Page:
The Garden State is where my family calls home -- although I must admit, if it weren't for a recent and local job offer that I could not refuse, our tentative vision had set our focus elsewhere... out-of-state, wherever that may have been in our brief fantasy world of living somewhere that didn't cost so damn much to survive. Still, there are worse places to live -- and according to the Gallup-Healthways Well-Being Index, in the year 2032 there will be an equal amount of better to places to live as well.
According to U.S. News & World Report via Yahoo! Finance, Gallup-Healthways came up with its ranking based on "a series of 13 measures of personal well-being... [that] reflect, to a large degree, how people in the area feel about themselves and their communities. They were selected because they also have value in predicting the future appeal and quality of life in an area."
The fact that New Jersey came in at #25 out of 50 (right behind Montana, Arizona, and Connecticut, but steps ahead of Oregon, North Carolina, and Illinois), causes me to wonder... why? Why right in the middle? (I did not, however, put too much effort into pondering why the index placed the Middle Atlantic Region of New Jersey, New York, and Pennsylvania at #8 out of 9 best/worst regions to live, as the three are so simultaneously similar and diverse from one end of each respective state to other as to render such ranking meaningless).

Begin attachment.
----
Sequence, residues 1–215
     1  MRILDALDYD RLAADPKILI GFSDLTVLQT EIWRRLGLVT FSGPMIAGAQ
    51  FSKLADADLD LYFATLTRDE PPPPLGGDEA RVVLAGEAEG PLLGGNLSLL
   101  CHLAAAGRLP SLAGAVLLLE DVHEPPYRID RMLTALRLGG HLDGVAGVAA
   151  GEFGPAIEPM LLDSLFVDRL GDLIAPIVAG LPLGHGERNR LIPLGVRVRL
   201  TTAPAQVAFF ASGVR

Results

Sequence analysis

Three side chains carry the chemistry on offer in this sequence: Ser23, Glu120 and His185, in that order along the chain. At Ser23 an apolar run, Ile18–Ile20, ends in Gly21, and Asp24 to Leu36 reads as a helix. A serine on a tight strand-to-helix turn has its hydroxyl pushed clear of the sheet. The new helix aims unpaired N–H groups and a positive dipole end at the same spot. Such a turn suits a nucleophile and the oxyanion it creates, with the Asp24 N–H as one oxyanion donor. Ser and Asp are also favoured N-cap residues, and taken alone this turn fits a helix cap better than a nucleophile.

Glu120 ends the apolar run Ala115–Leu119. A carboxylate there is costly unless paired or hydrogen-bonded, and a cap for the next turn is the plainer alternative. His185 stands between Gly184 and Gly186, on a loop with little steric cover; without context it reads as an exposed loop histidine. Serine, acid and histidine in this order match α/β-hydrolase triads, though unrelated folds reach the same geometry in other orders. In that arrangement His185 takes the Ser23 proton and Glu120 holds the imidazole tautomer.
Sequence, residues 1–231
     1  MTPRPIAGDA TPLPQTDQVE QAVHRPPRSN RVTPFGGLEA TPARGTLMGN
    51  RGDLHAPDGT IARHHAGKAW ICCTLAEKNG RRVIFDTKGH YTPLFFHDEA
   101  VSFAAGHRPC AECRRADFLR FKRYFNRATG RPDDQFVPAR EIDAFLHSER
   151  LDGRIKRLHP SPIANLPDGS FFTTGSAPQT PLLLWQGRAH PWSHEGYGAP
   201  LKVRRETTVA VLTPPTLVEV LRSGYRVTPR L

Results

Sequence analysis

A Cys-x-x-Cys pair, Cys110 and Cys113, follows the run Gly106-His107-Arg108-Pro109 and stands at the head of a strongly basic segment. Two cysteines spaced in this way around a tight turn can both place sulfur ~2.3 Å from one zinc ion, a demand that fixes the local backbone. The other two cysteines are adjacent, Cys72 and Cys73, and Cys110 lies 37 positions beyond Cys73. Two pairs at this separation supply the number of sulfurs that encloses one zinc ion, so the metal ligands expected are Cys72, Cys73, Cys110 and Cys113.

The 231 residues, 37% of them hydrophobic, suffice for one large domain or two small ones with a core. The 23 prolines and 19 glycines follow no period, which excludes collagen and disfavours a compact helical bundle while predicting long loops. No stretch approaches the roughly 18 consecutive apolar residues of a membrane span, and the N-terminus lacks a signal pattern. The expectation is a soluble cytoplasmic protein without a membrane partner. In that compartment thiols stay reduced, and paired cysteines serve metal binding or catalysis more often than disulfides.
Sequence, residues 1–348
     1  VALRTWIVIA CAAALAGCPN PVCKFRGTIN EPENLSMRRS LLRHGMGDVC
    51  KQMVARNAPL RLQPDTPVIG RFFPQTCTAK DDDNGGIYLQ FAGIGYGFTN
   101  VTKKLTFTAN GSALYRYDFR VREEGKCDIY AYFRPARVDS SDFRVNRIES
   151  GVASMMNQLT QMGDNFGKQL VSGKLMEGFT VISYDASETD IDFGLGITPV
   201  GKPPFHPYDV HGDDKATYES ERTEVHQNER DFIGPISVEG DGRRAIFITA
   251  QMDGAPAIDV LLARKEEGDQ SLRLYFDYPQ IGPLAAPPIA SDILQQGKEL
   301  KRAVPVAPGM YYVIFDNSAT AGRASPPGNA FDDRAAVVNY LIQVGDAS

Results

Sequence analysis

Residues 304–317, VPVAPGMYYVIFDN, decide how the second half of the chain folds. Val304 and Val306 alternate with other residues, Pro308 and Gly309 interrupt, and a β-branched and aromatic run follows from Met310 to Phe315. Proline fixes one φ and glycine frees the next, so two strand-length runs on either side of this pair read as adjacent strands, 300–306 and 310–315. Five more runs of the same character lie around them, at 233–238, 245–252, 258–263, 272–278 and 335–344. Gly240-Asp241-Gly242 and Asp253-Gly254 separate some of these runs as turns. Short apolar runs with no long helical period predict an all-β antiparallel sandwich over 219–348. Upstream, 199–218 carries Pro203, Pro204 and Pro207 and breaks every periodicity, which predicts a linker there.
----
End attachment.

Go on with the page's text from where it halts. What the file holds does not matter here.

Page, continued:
Here's is what really caught my attention: The spirit of entrepreneurship plays a huge part in assessing and predicting state/regional "happiness," according to Dan Witters, research director of Gallup-Healthways.
As U.S. News & World Report pointed out:
"The most critical element of any community's future livability might be a culture of successful entrepreneurship," Witters wrote in a commentary on the rankings. "Successful entrepreneurs consistently demonstrate a willingness to take risks, but they also have the resolve to start and manage a business."
"Above all, entrepreneurs create jobs," he added. "The relationships among an entrepreneurial culture, job creation, and well-being have never been clearer."
The notion of a connection between entrepreneurship and happiness (however one may define happiness) is worth pursuing. Despite the acceptance of my recent job offer, I had actually given up -- however temporarily and out of sheer frustration with getting long-term employment with any school district -- on pursuing that path any longer. Becoming an entrepreneur -- or, in my case, an "infopreneur" -- called out to me like beacon luring in a lost ship adrift on the ocean.
While I do not put all my hope in polls or articles or predictions, the piece did remind me how critical it could be to teach my daughters about entrepreneurship. They do not have to be wage slaves if they choose not to.
The term "infopreneur" is not my idea. Indeed, I just got done reading From Entrepreneur to Infopreneur: Make Money with Books, E-Books, and Information Products by Stephanie Chandler -- and I highly recommend it to anyone who may have ever had an inkling for such ventures.And although I have not read it yet, I also got my hands on The Young Entrepreneur's Edge: Using Your Ambition, Independence, and Youth to Launch a Business by Jennifer Kushell.
Teach Your Children well, to borrow a line from an old Crosby, Stills, Nash & Young tune.